This program involves two components – a pair of courses taught on campus during fall quarter 2009, followed by a four week abroad in Vietnam (3 weeks) and Cambodia (1 week) during December break 2009. The academic theme of this program is an exploration of what constitutes a country’s sense of identity – the basic characteristics of national identity and the forces (external and internal) that shape national identity. Three countries that relate historically and culturally (Japan, China, and Vietnam) will be used as case studies. While on campus, students will develop tools for understanding a country’s history, culture and identity by studying Japanese history and Chinese politics. These tools will then be applied to a third country, Vietnam. Throughout the program students will make comparisons among the three countries. The reason for including a trip to Cambodia is for context and comparison. Cambodia has both influenced and been influenced by Vietnam, and the two cultures blend along the lower Mekong River.
The overall focus on national identity will encompass several themes:
- How do people create nations?
- What forces shape national identity?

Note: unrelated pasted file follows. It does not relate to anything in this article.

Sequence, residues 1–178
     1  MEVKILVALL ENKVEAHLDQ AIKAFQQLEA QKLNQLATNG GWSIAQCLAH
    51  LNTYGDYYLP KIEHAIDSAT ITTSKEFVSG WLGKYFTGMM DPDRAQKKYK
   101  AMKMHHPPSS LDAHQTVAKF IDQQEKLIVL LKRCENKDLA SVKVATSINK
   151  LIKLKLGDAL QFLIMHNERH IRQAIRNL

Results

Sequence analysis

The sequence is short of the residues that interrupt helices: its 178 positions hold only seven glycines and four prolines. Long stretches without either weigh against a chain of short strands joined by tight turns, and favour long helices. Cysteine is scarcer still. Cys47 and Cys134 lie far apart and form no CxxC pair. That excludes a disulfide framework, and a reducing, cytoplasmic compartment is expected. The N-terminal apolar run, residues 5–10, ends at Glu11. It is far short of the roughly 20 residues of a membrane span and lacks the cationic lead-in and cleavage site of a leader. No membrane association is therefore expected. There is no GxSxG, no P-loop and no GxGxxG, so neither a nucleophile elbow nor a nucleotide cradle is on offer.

- What are the basic characteristics associated with a country’s identity?
- How do these characteristics vary in emphasis or degree within different countries?
- How does one gather and interpret evidence of these characteristics?
Students will explore these themes from two different disciplines – history and social sciences. The historical method will emphasize specific events and themes in a country’s history to determine cause and effect relationships. The social science method will focus on observation and analysis of human behavior, customs, values, and institutions within a society. This method will be most prevalent during the in-country Vietnam portion of the program as students will observe and analyze artifacts, cultural performances, individual and group behavior and interactions, as well as meet with and interview various members of Vietnamese society.
In addition to these academic learning themes, spiritual growth is a priority of this program. Therefore, as much as students will learn about Asia and grapple with the topic of a nation’s identity, students will also come to understand more of their own individual identity as the child of God.